Apartment complex rejected by commissioners back on the table, residents start petition

Jess Anderson started a petition against a rezoning to bring Palm Grove Apartments to Carolina Beach Road. The rezoning was denied last year by commissioners but was back, receiving approval from planning board again, before heading to commissioners again in July. (Courtesy NHC Planning Board meeting livestream)

WILMINGTON — A rezoning for an apartment complex in the southern portion of the county — denied by commissioners last year, though approved by the planning board — is back, to some nearby residents’ dismay.

READ MORE: More than 500 apartments, more housing coming to NHC

Around 88 people have signed a petition in opposition to rezoning 6634 Carolina Beach Road. The petition was started by Jess Anderson and supports residents from Lords Creek, Wood Lake and Ocean Forests Lakes, affected by the prospective development.

Their concerns are with height and density, increased traffic, overcrowding schools and an acceleration/deceleration turn lane being added from Carolina Beach Road to the existing turn lane onto Glenarthur Drive. The petition also expresses concern with multiple residential developments being added to the area, which will bring in more traffic.

“Adding too many of these apartment mix-used complexes and townhome developments is going to overcrowd our area and take the joy of living here,” the petition states.

It also adds, even though commissioners denied the plan in 2023, it “has not seen significant changes” from a year ago to warrant approval.

Cindee Wolf is a land development consultant representing Giovanni Ippolito and Tanya Vlacancich, New York developers and owners of the property’s 4.65 acres. She presented again to the planning board on June 6, requesting to rezone the land from an R-15 low-density residential to conditional moderate-density residential. It will make way for Palm Grove Apartments.

Again approved unanimously by the planning board earlier this month, the 64-unit complex is proposed to include four three-story buildings and two two-story buildings. The only changes to the proposal from last year are redefined buffers, including pre-existing vegetation, parking spaces and an 8-foot fence between the Palm Grove buildings and the Lord’s Creek adjacent properties.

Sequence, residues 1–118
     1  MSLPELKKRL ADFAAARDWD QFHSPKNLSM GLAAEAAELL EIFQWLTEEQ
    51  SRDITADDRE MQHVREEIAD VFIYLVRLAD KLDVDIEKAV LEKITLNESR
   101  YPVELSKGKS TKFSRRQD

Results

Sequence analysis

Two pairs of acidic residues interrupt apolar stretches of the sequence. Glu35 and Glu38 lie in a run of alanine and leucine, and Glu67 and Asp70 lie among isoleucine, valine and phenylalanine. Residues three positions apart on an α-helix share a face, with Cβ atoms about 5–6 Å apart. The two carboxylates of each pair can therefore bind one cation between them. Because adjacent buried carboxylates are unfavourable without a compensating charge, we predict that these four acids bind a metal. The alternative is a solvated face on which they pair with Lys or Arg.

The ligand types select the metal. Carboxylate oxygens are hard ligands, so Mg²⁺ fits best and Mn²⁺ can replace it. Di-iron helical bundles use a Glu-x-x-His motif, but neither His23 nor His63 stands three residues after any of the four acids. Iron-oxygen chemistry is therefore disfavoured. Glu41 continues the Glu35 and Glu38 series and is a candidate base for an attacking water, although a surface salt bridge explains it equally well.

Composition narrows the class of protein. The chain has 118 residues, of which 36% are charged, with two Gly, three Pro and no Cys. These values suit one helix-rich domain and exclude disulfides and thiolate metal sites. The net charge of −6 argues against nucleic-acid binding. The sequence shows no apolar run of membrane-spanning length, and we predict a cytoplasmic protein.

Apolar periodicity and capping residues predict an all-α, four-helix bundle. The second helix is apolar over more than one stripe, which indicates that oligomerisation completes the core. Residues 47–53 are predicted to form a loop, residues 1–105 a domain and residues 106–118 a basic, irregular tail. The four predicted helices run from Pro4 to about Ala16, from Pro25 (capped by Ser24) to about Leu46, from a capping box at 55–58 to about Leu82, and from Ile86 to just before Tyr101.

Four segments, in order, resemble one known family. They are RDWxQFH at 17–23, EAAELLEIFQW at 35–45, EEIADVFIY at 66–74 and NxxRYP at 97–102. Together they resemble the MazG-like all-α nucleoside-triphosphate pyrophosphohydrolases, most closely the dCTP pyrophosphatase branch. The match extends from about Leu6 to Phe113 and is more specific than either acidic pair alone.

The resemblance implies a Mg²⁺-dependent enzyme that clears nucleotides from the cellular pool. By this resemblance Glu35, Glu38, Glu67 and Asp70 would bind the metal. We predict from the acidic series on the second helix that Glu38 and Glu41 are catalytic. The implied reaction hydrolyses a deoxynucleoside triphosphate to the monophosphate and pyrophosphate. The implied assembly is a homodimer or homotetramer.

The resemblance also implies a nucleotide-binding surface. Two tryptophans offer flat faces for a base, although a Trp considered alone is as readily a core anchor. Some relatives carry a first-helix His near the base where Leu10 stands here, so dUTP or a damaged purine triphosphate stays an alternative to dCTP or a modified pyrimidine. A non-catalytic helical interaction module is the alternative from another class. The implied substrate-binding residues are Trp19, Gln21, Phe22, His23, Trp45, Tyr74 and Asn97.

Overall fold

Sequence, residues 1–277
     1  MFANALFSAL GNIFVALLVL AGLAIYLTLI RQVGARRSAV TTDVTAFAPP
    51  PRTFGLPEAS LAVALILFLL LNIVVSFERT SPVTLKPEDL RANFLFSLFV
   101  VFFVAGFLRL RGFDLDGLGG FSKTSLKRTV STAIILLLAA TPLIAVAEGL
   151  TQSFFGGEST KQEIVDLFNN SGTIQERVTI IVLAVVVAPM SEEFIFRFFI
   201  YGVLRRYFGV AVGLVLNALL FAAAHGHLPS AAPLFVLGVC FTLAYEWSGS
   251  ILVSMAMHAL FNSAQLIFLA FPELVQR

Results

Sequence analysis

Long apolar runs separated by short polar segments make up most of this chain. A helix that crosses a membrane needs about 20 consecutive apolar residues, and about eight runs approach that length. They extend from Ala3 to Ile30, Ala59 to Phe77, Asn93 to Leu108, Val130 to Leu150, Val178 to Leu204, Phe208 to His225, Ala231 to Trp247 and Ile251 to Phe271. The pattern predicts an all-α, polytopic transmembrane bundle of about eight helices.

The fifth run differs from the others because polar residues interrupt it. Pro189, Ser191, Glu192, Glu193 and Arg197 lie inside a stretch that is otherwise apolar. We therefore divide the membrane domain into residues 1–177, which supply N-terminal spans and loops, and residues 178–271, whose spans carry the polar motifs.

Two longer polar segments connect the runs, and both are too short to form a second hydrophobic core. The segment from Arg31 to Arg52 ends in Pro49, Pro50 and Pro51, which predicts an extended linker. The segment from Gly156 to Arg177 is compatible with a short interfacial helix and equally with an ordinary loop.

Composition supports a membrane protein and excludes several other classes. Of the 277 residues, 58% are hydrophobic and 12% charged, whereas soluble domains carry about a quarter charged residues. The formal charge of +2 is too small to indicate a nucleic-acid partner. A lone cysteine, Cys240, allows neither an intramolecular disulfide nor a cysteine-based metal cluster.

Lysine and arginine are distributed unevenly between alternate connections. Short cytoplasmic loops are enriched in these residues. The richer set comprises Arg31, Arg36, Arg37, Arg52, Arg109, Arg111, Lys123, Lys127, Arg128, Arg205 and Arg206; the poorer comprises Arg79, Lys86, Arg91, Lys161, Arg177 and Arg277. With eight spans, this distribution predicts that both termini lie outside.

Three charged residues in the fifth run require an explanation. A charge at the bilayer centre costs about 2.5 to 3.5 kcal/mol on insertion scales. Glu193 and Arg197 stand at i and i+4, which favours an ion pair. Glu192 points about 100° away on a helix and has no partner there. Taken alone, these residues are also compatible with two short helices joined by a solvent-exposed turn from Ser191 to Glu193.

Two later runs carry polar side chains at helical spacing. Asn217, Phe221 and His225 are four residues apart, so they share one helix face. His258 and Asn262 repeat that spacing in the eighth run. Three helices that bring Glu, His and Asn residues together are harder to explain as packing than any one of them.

It will be presented again to commissioners next month, though the board rejected it last May in a 3-2 vote, with Jonathan Barfield and Dane Scalise in favor.

Commissioner Rob Zapple told Port City Daily Thursday the developers may have approached other commissioners about the project since its rejection, but he has not had any further discussions about the proposal since voting against it.

“It does strike me as odd,” Zapple said. “We don’t get a lot of projects that come back with no changes.”

While the project changed a lot between its first application and the time it reached commissioners last year, Wolf told the planning board June 6 she was unsure if those adjustments were clear to the elected officials. 

“When queried about the opposition, I was told the three-stories gave heartburn,” Wolf said at the June 6 meeting. “I frankly don’t believe that they realized or actually understood that the two rear buildings had been reduced, so that we provided that transition that is typical.” 

Originally, the project was supposed to be a 78-unit complex, with a single four-story building, a parking garage and pickleball courts. It was withdrawn from a January 2023 planning board agenda due to planning staff recommending reduced height and density. 

Two months later in March, the development was presented with fewer units, 72, but more buildings, six that would be three-stories and 40-feet tall. The planning board still wasn’t happy due to public concern, stating the buildings would be too tall and impose the privacy of surrounding residents.